November 9

NaNoWriMo in the Bag

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It’s the final day of NaNoWriMo2018, and I just eased my way over the finish line. Truth be told, I'd finished with the Wardsmith first draft a couple days ago, but it came in at just under 47,000 words, so I've spent the last couple days mapping out the next book in the series.

 
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Writing up character backstories and roughing out the first few chapters of the next book in the series took me over the 50k finish line, but I got there in the end. Now I'll just let the Wardsmith draft sit fallow for a bit before I put on my editor's hat. If you read Gunmage and are looking forward to the next book in Tales of the Avernine, I'm setting my sights on March/April for Wardsmith to hit the shelves, so watch this space.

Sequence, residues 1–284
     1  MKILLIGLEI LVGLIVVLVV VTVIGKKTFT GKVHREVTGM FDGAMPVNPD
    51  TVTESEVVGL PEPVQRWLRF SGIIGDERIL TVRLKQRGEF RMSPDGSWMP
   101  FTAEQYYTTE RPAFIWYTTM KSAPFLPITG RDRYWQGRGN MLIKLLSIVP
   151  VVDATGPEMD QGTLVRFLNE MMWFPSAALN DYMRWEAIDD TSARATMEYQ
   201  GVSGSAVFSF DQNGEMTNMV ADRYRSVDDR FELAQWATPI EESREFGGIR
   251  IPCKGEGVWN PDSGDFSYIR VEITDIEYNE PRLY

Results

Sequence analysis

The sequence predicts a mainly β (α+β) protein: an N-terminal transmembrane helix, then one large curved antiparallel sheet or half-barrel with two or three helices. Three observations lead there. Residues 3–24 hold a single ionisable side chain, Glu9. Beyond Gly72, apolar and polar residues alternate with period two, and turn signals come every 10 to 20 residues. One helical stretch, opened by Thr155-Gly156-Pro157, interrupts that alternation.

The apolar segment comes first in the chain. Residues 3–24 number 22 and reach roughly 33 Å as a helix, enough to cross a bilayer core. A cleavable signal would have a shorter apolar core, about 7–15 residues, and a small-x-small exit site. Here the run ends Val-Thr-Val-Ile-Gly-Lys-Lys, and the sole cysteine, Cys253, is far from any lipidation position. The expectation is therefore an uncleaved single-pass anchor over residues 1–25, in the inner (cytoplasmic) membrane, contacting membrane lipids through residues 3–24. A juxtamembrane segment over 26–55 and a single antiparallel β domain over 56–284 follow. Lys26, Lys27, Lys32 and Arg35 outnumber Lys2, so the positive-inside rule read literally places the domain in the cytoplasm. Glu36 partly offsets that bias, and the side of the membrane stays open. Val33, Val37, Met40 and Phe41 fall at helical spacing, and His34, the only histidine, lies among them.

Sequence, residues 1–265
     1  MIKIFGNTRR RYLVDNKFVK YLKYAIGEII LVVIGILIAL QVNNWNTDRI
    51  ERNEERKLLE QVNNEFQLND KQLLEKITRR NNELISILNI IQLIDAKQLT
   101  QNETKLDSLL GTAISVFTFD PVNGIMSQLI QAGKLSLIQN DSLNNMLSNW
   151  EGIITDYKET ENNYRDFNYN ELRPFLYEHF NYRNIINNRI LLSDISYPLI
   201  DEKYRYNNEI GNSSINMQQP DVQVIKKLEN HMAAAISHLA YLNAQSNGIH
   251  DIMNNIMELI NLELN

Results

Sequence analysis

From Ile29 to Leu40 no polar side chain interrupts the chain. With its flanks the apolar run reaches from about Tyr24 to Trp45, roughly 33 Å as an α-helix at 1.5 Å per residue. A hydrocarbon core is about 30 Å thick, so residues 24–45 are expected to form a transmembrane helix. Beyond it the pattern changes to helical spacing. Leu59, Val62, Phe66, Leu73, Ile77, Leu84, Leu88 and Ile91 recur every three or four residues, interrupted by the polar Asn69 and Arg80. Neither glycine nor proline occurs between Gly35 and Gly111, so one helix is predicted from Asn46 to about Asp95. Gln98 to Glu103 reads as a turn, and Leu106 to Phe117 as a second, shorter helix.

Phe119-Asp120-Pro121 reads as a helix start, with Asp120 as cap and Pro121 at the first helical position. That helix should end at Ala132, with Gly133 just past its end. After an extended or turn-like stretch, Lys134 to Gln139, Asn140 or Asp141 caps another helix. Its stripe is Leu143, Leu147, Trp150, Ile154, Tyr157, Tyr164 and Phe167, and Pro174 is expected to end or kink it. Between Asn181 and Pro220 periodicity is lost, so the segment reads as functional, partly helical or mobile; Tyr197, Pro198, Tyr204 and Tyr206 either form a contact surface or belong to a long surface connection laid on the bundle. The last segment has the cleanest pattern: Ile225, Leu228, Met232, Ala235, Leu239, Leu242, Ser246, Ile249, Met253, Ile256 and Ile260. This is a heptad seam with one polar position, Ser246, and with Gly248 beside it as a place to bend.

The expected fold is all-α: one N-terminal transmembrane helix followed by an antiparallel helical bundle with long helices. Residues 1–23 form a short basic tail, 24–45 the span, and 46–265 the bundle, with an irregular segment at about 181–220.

And on a related note…

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Free Stories!

NaNoWriMo 2015 saw me write 9 short stories in a month…

The Year Gone, The Year Ahead

2015 is dead. Long live 2015!

From a writing perspective, I’ll remember it most as the year I put the finishing touches on The Dreambetween Symphony with the publication of the novels Exile Ballad and Requiem as well as the companion volume Preludes & Elegies. (Note: there is one final bow to tie on the series, but you’ll have to read on to find out what that might be…)

My other big project was the overhaul of the interior formatting and covers for my entire catalog. This meant brand new covers for all four titles in the Symphony and for my NuLo books, Seven and Quinboy (the latter being a novelette also on the list of stories published this year), as well as some gentle tweaking of the covers for The Singles Collection short story bundles.

 

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The covers for Seven, before and after...